By: Sarah Camp
Drug use is at an all-time high in New Jersey, with physicians and drug counselors working hard to lower those numbers, especially in Camden.
Nearly a year ago, Cooper University Hospital, in Camden, N.J. opened a department for addiction medicine to help the community. Dr. Kaitlan Baston, was hired last year to kick-start Cooper’s very own department for addiction medicine, which is new not only to them, but South Jersey.
“It has been exciting, because they had not had an addiction specialist since I got hired,” said Dr. Baston. “So we’ve been building the program from the ground up.”
According to Dr. Baston, there’s anywhere between 20,000 and 30,000 N.J, residents suffering from opioid disorders. Not all of those people reside in Camden, but there’s a large enough amount of people in not only Camden, but the South Jersey area that needs help.
“We work to stabilize patients in the hospital,” said Dr. Baston. “We can help transition them to treatment.”
Since the department for addiction medicine at Cooper is fairly new, they only see about 100 patients and have a waiting list with anywhere between 40-80 people on it at any given time. They have plans to expand, which are easier said than done since they would need a lot more funding for not only space for the patients but doctors to assist them.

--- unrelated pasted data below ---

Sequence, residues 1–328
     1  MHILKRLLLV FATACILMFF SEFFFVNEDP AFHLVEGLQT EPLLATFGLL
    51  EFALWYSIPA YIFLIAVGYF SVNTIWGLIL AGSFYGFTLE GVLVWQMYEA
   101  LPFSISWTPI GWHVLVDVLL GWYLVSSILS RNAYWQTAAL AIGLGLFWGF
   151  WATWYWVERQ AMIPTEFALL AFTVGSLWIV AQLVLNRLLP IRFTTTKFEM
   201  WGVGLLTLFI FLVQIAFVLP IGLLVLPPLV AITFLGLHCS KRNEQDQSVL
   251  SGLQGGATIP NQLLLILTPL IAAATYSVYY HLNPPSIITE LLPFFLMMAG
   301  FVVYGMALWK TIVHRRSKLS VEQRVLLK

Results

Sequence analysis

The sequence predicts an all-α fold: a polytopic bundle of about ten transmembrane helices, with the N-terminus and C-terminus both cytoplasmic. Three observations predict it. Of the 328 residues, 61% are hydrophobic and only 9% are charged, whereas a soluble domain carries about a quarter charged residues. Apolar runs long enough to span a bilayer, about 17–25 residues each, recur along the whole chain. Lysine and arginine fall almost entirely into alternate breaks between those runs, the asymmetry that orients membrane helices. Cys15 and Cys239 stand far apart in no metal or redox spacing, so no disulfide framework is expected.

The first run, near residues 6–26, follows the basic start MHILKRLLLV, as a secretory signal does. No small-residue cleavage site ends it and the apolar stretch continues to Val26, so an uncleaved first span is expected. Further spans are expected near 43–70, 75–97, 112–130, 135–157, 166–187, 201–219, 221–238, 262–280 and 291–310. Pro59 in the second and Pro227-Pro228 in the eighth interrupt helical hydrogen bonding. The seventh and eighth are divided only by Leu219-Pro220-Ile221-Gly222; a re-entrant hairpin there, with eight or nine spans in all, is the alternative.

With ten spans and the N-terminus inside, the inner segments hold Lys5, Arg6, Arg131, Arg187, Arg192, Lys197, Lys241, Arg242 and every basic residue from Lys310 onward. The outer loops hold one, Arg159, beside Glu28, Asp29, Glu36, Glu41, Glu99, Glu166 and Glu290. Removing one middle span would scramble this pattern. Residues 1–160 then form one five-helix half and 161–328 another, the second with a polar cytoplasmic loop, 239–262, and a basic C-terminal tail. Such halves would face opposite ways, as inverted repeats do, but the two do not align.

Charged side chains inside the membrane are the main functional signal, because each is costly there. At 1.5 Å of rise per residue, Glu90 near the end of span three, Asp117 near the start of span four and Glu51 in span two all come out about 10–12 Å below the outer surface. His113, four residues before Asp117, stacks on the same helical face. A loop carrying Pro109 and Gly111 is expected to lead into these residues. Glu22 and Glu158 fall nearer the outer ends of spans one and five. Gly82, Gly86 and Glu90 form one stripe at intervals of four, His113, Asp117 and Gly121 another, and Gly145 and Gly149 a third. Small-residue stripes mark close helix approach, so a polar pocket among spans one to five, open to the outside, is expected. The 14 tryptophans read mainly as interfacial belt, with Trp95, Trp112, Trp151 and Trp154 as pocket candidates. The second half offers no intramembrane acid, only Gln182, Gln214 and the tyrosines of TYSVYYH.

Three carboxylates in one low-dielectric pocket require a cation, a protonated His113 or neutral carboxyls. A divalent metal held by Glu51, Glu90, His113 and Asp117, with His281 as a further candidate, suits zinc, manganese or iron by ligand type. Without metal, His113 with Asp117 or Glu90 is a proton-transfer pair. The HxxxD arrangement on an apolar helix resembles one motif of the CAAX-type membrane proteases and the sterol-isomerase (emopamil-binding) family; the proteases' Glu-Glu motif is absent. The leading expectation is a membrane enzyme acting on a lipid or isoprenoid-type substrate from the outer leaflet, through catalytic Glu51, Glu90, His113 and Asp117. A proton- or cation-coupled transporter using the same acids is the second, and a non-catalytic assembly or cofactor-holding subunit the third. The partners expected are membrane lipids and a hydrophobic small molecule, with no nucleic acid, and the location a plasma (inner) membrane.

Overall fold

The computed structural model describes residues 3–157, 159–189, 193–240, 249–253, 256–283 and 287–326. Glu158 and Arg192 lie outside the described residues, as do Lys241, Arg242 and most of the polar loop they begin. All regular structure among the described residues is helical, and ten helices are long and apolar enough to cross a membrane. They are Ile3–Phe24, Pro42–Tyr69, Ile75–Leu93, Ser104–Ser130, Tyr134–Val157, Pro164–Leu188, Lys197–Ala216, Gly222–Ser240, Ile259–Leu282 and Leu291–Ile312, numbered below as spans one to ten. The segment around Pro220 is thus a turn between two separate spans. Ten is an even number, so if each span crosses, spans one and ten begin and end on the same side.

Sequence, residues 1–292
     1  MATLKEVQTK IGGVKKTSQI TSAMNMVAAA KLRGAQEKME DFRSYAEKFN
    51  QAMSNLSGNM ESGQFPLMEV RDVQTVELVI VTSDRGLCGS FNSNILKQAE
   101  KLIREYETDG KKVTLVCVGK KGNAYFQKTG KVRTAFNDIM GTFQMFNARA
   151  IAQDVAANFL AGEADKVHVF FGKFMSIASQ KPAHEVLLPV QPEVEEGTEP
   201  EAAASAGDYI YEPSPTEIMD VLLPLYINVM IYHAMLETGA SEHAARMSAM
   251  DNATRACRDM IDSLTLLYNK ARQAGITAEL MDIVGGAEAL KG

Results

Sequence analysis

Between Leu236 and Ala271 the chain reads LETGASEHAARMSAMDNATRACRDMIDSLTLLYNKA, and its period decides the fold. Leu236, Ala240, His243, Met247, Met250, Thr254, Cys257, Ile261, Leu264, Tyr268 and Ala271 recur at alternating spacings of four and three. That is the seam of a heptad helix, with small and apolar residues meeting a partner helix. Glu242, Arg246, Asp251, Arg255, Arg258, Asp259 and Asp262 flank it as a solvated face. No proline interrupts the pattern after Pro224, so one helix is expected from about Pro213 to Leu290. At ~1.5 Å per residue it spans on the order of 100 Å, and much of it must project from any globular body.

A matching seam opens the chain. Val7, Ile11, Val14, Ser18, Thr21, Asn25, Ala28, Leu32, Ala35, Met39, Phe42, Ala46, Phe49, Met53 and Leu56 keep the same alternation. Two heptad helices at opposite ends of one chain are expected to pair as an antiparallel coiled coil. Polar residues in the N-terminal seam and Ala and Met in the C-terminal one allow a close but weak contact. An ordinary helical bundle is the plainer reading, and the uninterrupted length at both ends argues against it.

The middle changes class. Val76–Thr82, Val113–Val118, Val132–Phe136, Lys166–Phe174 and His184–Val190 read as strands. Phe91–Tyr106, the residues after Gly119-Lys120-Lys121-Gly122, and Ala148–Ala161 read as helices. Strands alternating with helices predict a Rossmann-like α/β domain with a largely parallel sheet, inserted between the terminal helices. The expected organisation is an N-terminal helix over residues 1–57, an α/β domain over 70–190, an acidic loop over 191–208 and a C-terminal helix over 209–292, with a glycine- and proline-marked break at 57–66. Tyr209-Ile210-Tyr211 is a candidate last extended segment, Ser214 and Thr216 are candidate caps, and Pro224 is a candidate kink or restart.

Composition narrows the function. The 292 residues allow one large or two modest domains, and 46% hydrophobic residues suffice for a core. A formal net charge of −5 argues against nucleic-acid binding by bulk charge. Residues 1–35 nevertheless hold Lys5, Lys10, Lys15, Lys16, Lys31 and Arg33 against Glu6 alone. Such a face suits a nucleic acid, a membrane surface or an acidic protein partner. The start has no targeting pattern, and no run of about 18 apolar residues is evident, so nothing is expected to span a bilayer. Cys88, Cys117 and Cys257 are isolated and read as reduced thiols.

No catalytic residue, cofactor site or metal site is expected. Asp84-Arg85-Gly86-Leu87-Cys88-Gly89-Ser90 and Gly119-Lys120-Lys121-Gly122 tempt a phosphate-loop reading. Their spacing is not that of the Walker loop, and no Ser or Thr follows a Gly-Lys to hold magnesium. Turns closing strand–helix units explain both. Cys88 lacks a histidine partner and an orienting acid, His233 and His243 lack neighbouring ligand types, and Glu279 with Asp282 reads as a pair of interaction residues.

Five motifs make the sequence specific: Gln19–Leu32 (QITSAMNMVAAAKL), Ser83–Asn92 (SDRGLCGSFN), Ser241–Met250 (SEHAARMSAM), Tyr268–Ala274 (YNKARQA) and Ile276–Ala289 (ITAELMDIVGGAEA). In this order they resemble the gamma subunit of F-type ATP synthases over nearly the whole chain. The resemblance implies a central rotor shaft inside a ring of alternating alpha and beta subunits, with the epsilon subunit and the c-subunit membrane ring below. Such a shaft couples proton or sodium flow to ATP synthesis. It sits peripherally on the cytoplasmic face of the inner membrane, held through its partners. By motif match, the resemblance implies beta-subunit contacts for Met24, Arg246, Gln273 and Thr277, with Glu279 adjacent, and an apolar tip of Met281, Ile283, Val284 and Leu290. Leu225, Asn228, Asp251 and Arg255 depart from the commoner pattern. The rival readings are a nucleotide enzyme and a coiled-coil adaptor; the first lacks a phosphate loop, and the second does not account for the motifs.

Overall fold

“There’s definitely a need for treatment centers,” said Dr. Baston. “There’s many, many more patients who want help than can actually reach treatment.”
The department of addiction medicine is made to better serve the people of Camden, as it is an outpatient based service. Having services that don’t require staying in a facility for weeks or months on end, makes the process of recovery much more normal for patients. They use medication to keep patients sober, working in the same sense as if they were diabetic, In order to remain healthy, they need to keep up with medication.
“We’ve had a lot of successful patients,” said Dr. Baston. “We have a lot of patients in recovery and doing really well because they’re taking their medication every day.”
A majority of the patients they see are mothers who are either pregnant or postpartum. The department offers one-on-one therapy and even family therapy. All of the patients they see are there because they want to be, not because they were forced to see them.
“It’s been really exciting to get up and running and accomplish so much in such a short amount of time,” said Dr. Baston. “We’re continuing to grow.”
With such success in just 10 months, the program can only get better. The issues Camden faces with crime and poverty may not be fixed through this program, but it will help with lowering the deaths due to drug use per year. Doctors like Dr. Baston are working hard to help medicate the population currently struggling with addiction. The unique approach can quite possibly be a better one than the old ways of twelve-step programs.
“Cooper is putting a lot of energy into helping the addiction population,” said Dr. Baston.